Robin Williams quietly raised an incredible $50,000 to a Seattle food bank before his ԁеаtһ in 2014.
The Mrs Doubtfire actor donated the proceeds of his stand-up show at a local nightclub to the charity between 2004 and 2008 but didn’t broadcast his secret act of generosity, UpWorthy reports.
Williams’ discreet philanthropy totalled close to $USD50,000 ($71,000) and went directly to West Seattle Food Bank, which the comedian had been supporting since 2004.
Speaking to USA Today just days after Williams’s 2014 ԁеаtһ, Mike Cervino, a volunteer at the West Seattle Food Bank said: “It’s threefold, actually. One because he was a great comedian. Two, because he donated here, and three because people really rely on that here.”
“I was just astounded. Robin Williams is the type of person who really understands there are a lot of people who are really, really struggling,” West Seattle Food Bank executive director Fran Yeatts said at the time, according to Today.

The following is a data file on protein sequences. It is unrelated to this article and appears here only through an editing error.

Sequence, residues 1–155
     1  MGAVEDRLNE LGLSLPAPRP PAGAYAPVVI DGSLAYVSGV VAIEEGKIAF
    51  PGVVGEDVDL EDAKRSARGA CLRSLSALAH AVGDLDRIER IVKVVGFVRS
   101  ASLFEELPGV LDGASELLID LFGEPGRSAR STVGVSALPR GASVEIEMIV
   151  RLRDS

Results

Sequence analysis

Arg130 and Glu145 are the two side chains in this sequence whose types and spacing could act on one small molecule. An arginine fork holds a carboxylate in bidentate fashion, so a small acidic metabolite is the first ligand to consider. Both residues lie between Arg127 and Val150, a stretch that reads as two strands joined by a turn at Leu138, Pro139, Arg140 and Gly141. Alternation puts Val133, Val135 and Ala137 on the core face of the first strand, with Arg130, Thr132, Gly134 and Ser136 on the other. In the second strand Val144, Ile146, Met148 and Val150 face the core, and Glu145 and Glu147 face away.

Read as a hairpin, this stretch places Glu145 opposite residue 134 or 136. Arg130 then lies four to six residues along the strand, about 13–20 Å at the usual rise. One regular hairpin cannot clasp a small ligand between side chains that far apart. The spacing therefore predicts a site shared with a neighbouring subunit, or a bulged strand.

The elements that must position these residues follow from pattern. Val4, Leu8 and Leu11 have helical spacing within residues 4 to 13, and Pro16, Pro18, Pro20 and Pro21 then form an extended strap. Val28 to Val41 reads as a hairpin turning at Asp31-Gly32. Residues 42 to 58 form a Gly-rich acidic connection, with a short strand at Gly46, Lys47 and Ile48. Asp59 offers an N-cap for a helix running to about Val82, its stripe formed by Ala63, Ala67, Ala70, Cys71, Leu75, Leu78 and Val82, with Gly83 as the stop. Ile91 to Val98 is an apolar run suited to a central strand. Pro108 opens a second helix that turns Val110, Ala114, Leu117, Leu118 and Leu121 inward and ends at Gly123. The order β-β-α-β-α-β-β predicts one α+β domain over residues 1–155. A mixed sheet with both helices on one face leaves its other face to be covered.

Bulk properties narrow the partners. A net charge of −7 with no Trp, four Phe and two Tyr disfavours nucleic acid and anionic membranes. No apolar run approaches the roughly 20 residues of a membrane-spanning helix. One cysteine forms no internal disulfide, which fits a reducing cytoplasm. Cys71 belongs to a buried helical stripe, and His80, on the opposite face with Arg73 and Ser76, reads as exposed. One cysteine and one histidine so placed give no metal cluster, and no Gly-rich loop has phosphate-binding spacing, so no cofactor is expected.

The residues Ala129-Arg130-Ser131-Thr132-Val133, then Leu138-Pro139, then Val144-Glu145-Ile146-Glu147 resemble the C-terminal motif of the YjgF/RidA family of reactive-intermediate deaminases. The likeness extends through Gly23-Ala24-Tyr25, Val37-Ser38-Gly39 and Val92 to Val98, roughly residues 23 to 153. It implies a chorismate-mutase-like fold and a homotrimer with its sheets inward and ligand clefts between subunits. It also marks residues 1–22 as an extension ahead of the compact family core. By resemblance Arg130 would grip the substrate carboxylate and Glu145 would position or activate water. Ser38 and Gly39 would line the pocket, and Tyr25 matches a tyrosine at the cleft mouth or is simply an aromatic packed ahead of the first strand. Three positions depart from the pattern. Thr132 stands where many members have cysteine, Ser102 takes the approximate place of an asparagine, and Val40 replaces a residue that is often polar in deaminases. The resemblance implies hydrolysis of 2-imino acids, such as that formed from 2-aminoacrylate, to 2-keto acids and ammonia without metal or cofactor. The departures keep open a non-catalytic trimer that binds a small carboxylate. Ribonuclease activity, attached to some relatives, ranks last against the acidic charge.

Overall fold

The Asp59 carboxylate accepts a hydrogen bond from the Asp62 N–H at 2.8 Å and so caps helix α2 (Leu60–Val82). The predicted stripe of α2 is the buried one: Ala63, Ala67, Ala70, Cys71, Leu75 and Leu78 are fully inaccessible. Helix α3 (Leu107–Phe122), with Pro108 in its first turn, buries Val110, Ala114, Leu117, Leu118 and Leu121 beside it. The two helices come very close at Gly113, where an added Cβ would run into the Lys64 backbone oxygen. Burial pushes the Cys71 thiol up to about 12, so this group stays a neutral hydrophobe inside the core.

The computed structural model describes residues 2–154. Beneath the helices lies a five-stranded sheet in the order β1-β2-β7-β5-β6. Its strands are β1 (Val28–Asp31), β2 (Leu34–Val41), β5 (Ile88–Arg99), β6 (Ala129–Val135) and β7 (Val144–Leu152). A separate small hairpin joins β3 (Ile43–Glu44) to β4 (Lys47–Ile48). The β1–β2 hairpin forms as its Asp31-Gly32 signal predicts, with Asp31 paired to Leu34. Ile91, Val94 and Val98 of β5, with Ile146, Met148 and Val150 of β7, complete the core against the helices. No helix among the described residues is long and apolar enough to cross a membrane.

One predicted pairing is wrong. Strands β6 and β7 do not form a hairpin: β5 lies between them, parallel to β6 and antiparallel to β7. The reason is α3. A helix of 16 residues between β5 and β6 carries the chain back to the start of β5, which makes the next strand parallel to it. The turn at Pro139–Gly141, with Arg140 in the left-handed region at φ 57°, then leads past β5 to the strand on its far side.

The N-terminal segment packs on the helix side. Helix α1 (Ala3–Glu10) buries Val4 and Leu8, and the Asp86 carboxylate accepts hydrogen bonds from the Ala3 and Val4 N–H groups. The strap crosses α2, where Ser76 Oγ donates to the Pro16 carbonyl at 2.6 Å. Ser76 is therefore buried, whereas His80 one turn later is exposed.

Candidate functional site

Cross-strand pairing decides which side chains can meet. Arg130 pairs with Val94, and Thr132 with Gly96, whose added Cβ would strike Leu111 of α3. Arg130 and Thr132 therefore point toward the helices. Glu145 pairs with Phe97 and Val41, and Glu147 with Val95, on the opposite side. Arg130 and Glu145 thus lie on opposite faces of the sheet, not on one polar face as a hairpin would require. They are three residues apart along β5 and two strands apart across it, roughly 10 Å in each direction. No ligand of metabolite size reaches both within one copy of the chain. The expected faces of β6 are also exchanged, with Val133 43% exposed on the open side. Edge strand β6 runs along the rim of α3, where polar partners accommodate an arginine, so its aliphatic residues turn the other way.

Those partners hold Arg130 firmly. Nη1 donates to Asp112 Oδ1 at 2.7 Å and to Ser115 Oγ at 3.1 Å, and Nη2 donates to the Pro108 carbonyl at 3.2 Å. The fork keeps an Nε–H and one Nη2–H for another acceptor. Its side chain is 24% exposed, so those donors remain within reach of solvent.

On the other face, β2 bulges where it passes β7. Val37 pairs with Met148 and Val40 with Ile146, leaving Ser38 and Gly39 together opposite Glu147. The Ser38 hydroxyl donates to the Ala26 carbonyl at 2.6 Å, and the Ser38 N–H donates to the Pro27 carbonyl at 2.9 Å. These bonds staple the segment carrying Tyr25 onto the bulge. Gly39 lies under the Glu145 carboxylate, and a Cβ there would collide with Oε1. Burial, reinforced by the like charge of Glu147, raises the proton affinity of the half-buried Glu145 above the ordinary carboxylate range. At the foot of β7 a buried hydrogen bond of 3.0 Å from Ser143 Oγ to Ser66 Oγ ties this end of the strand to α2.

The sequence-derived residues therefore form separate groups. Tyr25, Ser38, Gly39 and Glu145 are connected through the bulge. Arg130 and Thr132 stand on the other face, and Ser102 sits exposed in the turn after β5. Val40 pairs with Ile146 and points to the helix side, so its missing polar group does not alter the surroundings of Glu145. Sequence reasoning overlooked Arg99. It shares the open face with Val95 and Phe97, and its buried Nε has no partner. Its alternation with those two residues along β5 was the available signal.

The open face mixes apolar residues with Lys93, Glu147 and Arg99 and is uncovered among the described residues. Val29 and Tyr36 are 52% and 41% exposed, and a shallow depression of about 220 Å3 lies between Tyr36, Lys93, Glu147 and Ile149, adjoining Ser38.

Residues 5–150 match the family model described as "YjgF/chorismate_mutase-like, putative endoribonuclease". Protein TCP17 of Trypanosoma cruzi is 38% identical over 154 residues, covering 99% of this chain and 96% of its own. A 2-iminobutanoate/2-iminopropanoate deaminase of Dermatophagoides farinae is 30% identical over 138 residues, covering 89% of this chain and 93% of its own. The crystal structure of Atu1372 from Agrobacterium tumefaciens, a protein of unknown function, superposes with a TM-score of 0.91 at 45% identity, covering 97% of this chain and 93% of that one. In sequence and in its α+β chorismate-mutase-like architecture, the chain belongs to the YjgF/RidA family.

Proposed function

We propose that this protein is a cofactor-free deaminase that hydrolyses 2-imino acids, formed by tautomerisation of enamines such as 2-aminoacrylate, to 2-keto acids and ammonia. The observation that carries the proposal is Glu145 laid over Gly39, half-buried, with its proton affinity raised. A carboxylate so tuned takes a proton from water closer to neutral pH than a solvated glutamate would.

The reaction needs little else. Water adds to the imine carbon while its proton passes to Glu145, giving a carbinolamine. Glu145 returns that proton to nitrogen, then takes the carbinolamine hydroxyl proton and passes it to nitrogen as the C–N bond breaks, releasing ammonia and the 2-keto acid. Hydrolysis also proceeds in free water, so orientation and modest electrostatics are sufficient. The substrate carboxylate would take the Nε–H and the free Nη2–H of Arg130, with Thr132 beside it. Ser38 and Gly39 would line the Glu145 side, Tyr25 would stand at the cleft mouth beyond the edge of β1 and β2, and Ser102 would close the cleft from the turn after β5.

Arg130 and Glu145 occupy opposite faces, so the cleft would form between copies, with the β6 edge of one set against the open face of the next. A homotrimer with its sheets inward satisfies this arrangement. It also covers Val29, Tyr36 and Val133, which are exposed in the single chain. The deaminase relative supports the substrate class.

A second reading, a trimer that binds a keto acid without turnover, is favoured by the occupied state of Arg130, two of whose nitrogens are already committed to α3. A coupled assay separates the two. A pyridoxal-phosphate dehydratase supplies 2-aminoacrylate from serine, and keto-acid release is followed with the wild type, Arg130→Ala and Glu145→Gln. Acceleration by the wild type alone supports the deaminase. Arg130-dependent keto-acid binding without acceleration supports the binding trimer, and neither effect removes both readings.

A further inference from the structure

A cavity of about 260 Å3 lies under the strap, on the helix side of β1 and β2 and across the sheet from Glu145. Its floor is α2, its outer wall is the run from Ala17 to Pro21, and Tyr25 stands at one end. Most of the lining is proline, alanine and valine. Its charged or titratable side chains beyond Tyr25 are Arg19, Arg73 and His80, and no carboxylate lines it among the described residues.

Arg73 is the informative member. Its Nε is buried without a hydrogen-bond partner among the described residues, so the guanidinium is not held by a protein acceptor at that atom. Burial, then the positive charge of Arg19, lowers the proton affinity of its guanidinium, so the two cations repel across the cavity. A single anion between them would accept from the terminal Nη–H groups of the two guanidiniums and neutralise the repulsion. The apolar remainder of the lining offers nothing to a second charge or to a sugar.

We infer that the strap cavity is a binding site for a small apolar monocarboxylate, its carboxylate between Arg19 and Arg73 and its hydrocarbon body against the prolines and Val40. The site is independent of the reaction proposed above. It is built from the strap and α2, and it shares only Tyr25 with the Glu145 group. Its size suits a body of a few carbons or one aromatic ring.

Volunteer Aaron Ellis, who met the actor at the food bank in 2004, said the comedian treated his charitable act as an “honour” and helped him stay sober after an alcohol addiction.
“He said it was an honour for him to be able to do these things, to give back. That meant the world to me. It solidified my sobriety to this day,” Ellis revealed.
Williams ԁıеԁ in August, 2014 at the age of 63 following a secret battle with depression and mental health.
Williams’ publicist, Mara Buxbaum, said at the time that he was suffering from severe depression before his ԁеаtһ.
The Dead Poet Society actor’s widower, Susan Schneider, said that in the time before his ԁеаtһ, Williams had been sober, but was diagnosed with early-stage Parkinson’s disease.
Schneider said it was information her husband was “not yet ready to share publicly”.
Williams was also known for his charity work at organisations such as Comic Relief, the Christopher & Dana Reeve Foundation and St Jude Children’s Research Hospital.
“Robin came from a family with money — he was brought up with a silver spoon in his mouth, and I think he felt so blessed that he wanted to do something for people who weren’t brought up like that,” Comic Relief founder Bob Zmuda told The LA Times in 2014.